Unobservable factors are important to understand user behaviour. Moreover, they contain information to help design services that willsolve today’s challenges. Yet, we have barely scratched the surface ofthe underlying mechanisms ruling user behaviour. For decades, userbehaviour analysis has focused on the capabilities of observable variables,as well as assumptions of regular preferences and rational behaviourto explain user choices; and amalgamated unobservable factorsinto ”black-box” variables. As a response, the field of behaviouraleconomics has produced an array of so-called choice anomalies, wherepeople seem not to be fully rational. Furthermore, as a consequence of the ”digital revolution”, nowwe harvest data on an unprecedented scale -both in quantity andresolution- that is nurturing the golden age of analytics. This explosionof analytics contributes to reveal fascinating patterns of humanbehaviour and shows that when users face difficult choices, predictionsbased only on observable variables result in wider gaps between observedand predicted behaviour, than predictions including observableand unobservable factors. Impacts of the ”digital revolution” are not limited to data and analyticsbut they have filtered through the whole tissue of society. Forinstance, telecommunications allow users to telework, and telework allowsusers to change their travel patterns, which in turn contributes toincrease the overall system complexity. In addition to the new worlddynamics facilitated by Information and Communications Technology,megatrends such as hyper-urbanization or increase demand of personalisedtransport services are imposing pressures on transport networksat a furious pace, which also contributes to increase the complexity ofthe choices needed in order to navigate the networks efficiently. In an effort to alleviate these pressures, new mobility services suchas electric and autonomous vehicles; bicycle and car sharing schemes;mobility as a service; vacuum rail systems or even flying cars are evolving. Each of these services entails a different set of observable variableslike travel time and cost, but also a completely different set of unobservableones such as expectations, normative beliefs or perceptionsthat will impact user behaviour. Hence, a good understanding of theimpact of underlying, unobservable, factors -especially when servicesare radically different from what users know and have experienced inthe past- will help us to predict user behaviour in uncharted scenarios. Unobservable factors are elusive by nature, hence to incorporatethem into our models is an arduous task. Furthermore, there is evidence showing that the importance of these factors might differ across time and space, as user preferences, perceptions, normative beliefs, etc.are influenced by local conditions and cultures. As a consequence, we have witnessed a surge of interest in behavioural economics over the past two decades, due to its ability to increase the explanatory and predictive power of models based on economic theory by adding a more psychologically plausible foundation. This thesis contributes to the existing body of literature in TransportScience in the areas of user perceptions, measurement errors, and the influence of attitudes and social norms in the adoption of new mobility solutions. The work builds on the behavioural economics theoretical framework, underpinned by economic theory, discrete choice analysis -rational behaviour and random utility maximization-, as well as social and cognitive psychology. Methodological contributions include a framework to systematically test differences in user preferences for a set of public transport modes, relating to observed and unobserved attributes; and a framework to assess the magnitude of unobservable measurement errors in the input variables of large-scale travel demand models. On an empirical dimension, findings support the existence of a ”rail factor”, the impact of modelling assumptions on parameter estimates of hybrid choice models, the presence of larger measurement errors in the cost variables than in the time variables, -which in turn translates into diluted parameters that under-estimate the response to pricing interventions-, and that the model with the best fit does not guarantee better parameter estimates. Therefore, I expect this thesis to be of interest not only to modellers, but also to decision makers; and that its findings will contribute to the design of the mobility solutions that users need and desire, but also that will benefit society as a whole.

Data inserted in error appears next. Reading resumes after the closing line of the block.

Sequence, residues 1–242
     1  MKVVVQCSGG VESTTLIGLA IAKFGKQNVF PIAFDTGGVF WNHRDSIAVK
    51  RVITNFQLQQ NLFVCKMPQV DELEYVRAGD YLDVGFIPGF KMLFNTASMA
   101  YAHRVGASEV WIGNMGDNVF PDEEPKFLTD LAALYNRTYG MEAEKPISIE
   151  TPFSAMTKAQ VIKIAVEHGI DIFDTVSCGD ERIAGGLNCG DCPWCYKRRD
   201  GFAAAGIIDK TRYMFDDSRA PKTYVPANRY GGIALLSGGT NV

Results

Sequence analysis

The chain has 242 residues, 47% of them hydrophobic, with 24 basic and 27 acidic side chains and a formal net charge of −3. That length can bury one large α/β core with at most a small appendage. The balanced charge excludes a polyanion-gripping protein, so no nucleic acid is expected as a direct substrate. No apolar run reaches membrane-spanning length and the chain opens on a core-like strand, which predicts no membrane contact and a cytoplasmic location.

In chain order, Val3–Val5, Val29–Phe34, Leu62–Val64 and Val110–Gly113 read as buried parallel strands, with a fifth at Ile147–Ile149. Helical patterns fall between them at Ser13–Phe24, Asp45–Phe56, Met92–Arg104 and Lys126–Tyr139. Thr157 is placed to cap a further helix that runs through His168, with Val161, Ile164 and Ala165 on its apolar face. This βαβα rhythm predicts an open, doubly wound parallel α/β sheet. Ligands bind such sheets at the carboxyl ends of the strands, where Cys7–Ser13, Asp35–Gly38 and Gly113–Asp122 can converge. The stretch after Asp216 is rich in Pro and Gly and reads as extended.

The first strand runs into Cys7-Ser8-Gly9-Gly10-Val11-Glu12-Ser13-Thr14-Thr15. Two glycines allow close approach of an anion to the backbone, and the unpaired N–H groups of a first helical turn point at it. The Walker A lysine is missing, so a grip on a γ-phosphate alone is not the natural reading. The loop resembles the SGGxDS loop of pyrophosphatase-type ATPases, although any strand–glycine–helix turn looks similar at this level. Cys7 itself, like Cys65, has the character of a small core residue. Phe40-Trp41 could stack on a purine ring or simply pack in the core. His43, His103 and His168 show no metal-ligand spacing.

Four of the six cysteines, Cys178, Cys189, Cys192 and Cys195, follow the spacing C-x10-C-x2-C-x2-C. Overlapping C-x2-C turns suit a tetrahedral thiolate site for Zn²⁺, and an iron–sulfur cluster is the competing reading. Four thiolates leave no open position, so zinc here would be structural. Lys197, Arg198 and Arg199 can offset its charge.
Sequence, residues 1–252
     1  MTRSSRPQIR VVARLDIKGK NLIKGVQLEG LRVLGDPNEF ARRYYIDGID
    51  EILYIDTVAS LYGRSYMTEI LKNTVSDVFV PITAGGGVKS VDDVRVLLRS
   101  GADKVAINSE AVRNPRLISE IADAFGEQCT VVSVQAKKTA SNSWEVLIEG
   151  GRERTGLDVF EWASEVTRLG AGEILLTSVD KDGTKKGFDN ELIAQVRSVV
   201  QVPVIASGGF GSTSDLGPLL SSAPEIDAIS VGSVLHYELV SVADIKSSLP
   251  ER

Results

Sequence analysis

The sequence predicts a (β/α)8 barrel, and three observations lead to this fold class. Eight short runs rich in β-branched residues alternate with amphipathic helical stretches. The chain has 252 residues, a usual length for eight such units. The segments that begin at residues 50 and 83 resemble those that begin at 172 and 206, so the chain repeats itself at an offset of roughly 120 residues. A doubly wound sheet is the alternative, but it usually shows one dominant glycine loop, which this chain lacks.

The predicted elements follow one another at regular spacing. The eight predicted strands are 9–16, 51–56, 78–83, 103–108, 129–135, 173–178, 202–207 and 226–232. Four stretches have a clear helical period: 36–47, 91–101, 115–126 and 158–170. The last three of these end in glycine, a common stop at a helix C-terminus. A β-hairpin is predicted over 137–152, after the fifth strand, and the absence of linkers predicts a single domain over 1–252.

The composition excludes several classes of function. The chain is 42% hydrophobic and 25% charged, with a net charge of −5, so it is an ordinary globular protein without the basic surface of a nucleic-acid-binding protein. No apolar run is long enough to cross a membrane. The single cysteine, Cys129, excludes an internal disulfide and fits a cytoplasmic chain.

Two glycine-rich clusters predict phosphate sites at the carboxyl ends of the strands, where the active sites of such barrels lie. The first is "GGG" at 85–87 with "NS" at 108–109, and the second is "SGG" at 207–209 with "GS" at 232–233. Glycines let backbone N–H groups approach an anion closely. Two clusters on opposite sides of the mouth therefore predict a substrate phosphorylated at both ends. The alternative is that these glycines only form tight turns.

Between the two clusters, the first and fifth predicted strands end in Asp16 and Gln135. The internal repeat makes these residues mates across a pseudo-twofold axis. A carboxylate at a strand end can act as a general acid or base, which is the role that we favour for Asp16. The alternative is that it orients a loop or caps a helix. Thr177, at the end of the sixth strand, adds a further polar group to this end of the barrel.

• 3.
    Rubensson, Isak
    KTH, School of Architecture and the Built Environment (ABE), Urban Planning and Environment, System Analysis and Economics. Trafikförvaltningen, Region Stockholm.
    Making Equity in Public Transport Count2019Doctoral thesis, comprehensive summary (Other academic)
    Abstract [en]